There is an attested Celtic name, Bovinda = “White Cow”, which would come down to Old Irish as Bóand. It even shares a linguistic root with Sanskrit govinda.
Bres mac nEalathan:
Bres is introduced as a member of the Fomoire, the undersea people who place the Túatha Dé Danann under a heavy tax, leading to the (second) Battle of Moytura. That saga (Cath Maige Tuired) features “The Conception of Bres” very near the beginning, and gives some explanation of his name. His father, Elatha Mac Delbaeth, says he will be so beautiful that after him, any beautiful thing will be called a “bres”. The name itself seems to originate from bres meaning “fight”, “blow”, “effort”, or “uproar”, “din”; then, by extension, a hero, chief or great man. Interestingly, there are instances where it seems to mean “beautiful” or “valuable”, but it is hard to know whether this meaning is the root of the saga explanation or vice versa. I think the naming of the Fomorian king as “Bres” also plays on bras, a word meaning “boastful” or “forward”, particularly implying someone who makes false claims to greatness. This seems to fit with how Bres is characterised in Cath Maige Tuired.
It is also worth noting that this Bres is called the son of Elatha. Elada principally means “art”, “science” or “craft”, particularly the craft of poetry. This has the same implications as Danu: dán = “craft”, “poem”, so the Túatha Dé Danann can be called “the people of the poetic one”.
[Learn all about Bres in Series 2, Episode 2, “Echtrae Breis: The Adventures of Bres“.]
When Brug (gen. Broga etc.) appears on its own where one might expect a placename, it is understood as Brug na Bóinne; the Boyne Valley, particularly the area encompassing Newgrange. The word bruig itself (O. Ir mruig) refers to a “territory”, “cultivated land”, “notable dwelling”, and especially the hills of the Sídhe. It is also the root of the term briugu, “hospitallier” – a very important and powerful social role. A briugu was a strong farmer whose wealth could be counted in hundreds, had a house at the meeting of at least 3 roads, and dispensed hospitality to all who came to the house. A briugu had the same status as a ríg túaithe, the king or chief of a petty kingdom.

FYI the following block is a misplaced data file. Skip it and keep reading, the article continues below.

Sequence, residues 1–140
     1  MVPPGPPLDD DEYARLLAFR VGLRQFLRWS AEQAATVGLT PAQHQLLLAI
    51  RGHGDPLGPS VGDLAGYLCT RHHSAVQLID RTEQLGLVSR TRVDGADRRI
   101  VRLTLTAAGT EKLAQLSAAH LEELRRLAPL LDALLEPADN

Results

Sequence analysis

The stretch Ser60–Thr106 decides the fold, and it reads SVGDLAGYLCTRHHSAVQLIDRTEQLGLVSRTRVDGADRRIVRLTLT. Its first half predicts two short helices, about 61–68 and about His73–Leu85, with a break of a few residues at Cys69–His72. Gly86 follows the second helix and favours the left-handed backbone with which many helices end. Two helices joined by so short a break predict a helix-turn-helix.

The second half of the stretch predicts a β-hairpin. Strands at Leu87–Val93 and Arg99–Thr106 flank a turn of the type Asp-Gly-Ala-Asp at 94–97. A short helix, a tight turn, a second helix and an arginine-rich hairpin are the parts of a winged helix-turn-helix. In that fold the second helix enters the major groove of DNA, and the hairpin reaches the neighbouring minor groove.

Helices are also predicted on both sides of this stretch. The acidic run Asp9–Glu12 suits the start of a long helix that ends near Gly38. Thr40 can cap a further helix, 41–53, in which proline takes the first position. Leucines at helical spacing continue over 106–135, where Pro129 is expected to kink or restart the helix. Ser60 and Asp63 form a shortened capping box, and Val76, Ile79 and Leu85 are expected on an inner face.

There is also the word brú, “belly”, “abdomen”, “womb”. One plural form of this word is brugha, and although it may not have the same root as brug, there may be a poetic suggestion from Brug na Bóinne, “Bóand’s Lands”, to Brú na Bónne, “Bóand’s Womb”.
aka Eochaid Ollathar. In Cath Maige Tuired [lines 423 – 426], he gives his full name:
Fir Benn Bruaich Brogaill Broumide Cerbad Caic Rolaig Builc Labair Cerrce Di Brig Oldathair Boith Athgen mBethai Brightere Trí Carboid Roth Rimairie Riog Scotbe Obthe Olaithbe.
[Read a translation and hear Isolde reading the Old Irish here.]
For now, we shall look at the name by which he is most commonly known; the Dagda. Firstly, it is worth noting that this apellation always has the definite article; in = “the”. The Morrigan also always has the definite article, and these two characters are closely linked in Cath Maige Tuired.
As for Dagda, the medieval glossators analysed this as dag-día = “good god”. However, I have not come across any examples where día, “god”, changes to da. Día has forms such as dea, deu, dé etc., but the -da element of the Dagda’s name is very consistent. Its genetive form is Dagdae or Dagda, and dative form Dagdo, Dagdea. Only this last form would be a possible form from dag-día, “good god”.
I propose that it is a dvandva compound; a word that is doubled for emphasis. As a comparison, note that Irish people sometimes say “at all at all” for emphasis. In which case, Dagda would be a doubling of da- / dag, “good”, making him “the best of the best”!
[Learn about the Dagda’s role in The Battle of Moytura in Series 2, Episode 4, “Ar Shlicht an Dagdae: On the Dagda’s Track“.]
The root for this name that we have principally worked with is etne, “kernel”, “nut”; and indeed there are examples of this term used in relation to a womb. However, the change from a -t- sound to a -th- sound is not a regular one.